Reference2: Hydration ofγ-Alumina in Water and Its Effects on Surface Reactivity, Grégory Lefèvre, Myriam Duc, Patrick Lepeut, Renaud Caplain, and Michel Fédoroff, Langmuir 2002,18,7530-7537.

Reference3: Ab Initio Molecular Dynamics Study of the AlOOH Boehmite/Water Interface: Role of Steps in Interfacial Grotthus Proton Transfers, A. Motta, M-P. Gaigeot, and D. Costa, J. Phys. Chem. C, 2012, 116 (23), pp 12514–12524.

Reference4: Studies in surface science and catalysis #46, Zeolites as catalysts, sorbents and detergent builders page 103.

Reference5: Functional hybrids materials page 37

Reference6: Organo-lined alumina surface from covalent attachment of alkylphosphonate chains in aqueous solution, Stéphanie Lassiaz, Anne Galarneau, Philippe Trens, Dominique Labarre, Hubert Mutin and   Daniel Brunel, New J. Chem., 2010,34, 1424-1435.

Reference7: Synthesis and application of new Schiff base Mn(III) complexes containing crown ether rings as catalysts for oxidation of cyclohexene and cyclooctene by Oxone, Seyed Mohammad Seyedi, Gholam Hossein Zohuri and Reza Sandaroos, Supramolecular Chemistry Vol. 23, No. 7, July 2011, 509–517.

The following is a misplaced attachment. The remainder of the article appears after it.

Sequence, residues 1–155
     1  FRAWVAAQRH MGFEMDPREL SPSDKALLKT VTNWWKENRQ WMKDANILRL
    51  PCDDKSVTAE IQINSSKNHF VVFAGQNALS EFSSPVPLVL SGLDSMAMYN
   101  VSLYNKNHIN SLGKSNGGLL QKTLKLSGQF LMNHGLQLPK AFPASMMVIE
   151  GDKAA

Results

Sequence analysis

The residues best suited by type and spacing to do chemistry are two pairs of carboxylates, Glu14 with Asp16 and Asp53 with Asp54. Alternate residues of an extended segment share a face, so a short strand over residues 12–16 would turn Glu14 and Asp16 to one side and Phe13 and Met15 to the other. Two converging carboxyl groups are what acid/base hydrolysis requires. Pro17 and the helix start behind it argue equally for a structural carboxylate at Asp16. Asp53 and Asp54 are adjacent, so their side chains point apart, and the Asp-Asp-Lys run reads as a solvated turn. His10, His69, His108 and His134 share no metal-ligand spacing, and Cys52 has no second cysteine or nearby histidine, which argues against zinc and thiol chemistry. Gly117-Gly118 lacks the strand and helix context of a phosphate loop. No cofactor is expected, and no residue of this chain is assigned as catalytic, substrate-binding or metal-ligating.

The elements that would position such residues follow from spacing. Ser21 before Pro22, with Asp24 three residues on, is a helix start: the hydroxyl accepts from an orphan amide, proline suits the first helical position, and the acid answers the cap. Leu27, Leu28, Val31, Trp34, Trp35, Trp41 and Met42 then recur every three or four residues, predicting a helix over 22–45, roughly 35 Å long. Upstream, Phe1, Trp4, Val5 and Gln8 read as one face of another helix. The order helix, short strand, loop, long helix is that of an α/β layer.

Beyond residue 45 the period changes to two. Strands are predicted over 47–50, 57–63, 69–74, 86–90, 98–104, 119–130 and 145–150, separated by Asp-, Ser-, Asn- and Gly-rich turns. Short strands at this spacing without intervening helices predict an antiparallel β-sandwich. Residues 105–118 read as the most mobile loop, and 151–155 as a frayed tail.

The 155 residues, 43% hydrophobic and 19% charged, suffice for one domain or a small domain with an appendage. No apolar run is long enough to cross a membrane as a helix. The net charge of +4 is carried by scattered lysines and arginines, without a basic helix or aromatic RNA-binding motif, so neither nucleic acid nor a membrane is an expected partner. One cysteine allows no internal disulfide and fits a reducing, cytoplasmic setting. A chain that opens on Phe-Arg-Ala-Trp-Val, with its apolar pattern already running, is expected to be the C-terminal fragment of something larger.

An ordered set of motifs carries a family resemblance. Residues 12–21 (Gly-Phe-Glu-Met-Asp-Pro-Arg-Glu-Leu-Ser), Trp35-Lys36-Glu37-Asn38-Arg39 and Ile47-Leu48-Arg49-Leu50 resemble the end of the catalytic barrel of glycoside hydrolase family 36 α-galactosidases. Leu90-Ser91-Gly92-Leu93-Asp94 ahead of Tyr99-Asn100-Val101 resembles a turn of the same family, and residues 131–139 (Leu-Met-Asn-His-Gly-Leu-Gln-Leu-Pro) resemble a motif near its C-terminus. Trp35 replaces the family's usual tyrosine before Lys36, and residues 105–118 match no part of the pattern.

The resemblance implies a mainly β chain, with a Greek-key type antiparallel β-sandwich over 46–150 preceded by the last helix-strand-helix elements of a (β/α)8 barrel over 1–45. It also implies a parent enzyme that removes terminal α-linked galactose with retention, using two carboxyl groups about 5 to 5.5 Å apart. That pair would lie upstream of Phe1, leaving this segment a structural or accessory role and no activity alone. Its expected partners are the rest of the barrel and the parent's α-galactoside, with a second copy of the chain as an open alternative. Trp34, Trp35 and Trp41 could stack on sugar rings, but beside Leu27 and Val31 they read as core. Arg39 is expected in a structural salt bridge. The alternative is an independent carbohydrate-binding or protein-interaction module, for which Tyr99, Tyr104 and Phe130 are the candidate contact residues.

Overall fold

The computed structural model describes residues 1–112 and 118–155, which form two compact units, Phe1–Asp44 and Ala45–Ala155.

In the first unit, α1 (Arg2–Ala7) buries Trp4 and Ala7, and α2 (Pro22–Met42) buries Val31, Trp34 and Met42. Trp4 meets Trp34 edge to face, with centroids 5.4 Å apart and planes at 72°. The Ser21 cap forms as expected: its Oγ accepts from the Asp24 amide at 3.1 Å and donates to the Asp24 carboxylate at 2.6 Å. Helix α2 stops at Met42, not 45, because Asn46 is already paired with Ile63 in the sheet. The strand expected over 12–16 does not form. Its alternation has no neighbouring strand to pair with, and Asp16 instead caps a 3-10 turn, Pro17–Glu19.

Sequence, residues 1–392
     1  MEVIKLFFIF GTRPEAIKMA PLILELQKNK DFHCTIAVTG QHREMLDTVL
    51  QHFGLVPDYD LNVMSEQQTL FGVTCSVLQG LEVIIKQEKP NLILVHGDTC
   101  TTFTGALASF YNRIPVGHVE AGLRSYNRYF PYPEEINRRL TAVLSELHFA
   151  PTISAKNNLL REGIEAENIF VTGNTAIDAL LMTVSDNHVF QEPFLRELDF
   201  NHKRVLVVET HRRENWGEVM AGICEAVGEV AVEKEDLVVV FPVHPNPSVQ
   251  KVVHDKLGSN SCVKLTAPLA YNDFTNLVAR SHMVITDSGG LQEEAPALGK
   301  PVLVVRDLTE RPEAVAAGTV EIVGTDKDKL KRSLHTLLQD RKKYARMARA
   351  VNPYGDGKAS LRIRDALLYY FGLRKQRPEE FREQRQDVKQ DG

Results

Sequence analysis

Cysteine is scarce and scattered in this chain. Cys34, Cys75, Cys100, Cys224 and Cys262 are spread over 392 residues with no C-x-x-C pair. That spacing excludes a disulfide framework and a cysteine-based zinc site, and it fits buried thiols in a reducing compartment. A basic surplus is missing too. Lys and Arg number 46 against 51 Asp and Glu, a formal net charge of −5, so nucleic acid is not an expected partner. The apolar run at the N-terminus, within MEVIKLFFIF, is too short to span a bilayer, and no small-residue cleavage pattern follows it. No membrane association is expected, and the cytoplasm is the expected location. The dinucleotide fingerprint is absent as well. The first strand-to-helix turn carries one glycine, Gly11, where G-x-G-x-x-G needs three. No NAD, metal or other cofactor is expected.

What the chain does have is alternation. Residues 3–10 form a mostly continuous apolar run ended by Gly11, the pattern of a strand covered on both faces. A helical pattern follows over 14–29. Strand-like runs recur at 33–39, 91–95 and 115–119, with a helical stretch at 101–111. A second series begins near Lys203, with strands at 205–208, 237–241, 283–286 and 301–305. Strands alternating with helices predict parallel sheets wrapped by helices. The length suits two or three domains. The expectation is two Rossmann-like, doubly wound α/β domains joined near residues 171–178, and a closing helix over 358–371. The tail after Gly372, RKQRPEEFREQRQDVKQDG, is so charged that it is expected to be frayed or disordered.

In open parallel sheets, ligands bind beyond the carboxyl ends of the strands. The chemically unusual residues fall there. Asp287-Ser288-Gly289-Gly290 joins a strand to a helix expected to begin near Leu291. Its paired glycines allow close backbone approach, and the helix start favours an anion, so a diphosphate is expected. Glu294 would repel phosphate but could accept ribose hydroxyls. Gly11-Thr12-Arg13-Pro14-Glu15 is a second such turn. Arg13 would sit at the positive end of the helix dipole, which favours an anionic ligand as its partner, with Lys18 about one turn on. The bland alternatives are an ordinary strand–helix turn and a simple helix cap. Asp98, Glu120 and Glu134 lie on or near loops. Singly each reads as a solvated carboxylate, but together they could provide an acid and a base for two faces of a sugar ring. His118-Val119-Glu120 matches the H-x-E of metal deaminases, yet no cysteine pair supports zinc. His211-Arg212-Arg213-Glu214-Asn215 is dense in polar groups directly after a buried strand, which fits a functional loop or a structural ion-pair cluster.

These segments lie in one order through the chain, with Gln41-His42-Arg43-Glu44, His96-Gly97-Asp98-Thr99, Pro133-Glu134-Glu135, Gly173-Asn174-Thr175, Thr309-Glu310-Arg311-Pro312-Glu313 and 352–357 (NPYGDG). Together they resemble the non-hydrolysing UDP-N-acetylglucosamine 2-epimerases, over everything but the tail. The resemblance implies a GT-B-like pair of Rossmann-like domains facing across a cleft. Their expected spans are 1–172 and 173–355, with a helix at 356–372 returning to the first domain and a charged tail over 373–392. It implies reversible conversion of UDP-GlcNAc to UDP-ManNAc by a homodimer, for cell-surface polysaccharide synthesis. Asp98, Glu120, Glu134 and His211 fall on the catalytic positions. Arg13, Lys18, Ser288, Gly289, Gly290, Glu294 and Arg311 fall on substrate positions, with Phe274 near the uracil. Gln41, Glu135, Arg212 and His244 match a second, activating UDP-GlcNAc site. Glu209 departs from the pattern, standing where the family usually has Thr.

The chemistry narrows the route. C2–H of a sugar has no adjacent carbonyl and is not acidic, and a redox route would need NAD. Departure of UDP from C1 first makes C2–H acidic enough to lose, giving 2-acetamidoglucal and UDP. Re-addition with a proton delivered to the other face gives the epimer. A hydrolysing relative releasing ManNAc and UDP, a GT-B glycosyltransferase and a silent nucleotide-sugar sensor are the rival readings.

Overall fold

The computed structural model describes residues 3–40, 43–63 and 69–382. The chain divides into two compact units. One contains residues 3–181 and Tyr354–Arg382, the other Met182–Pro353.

Reference8: Recent advances in the use of oxone® in organic synthesis, Maria Carla Marcotullio, Francesco Epifano and Massimo Curini, Cheminform, June 2005.

Reference9: Oxone/Sodium Chloride: A Simple and Efficient Catalytic System for the Oxidation of Alcohols to Symmetric Esters and Ketones, Agnes Schulze, Georgia Pagona, and Athanassios Giannis, Synthetic Communications, 36, 1147–1156, 2006.

Reference10: Oxidation of benzyl alcohols with Oxone and sodium bromide, Bon-Suk Koo, Chang Keun Lee, andKee-Jung Lee, Synthetic Communications Vol. 32, No. 14, pp. 2115–2123, 2002.


Oximation – tosylation (18) (19)

Tosyloxime as mentioned earlier could represent some health and safety issues if isolated, so there is a chaining from (17). If the chaining reaction is too long from the ketone to the azirine and subsequent opening, the chaining could start from (18).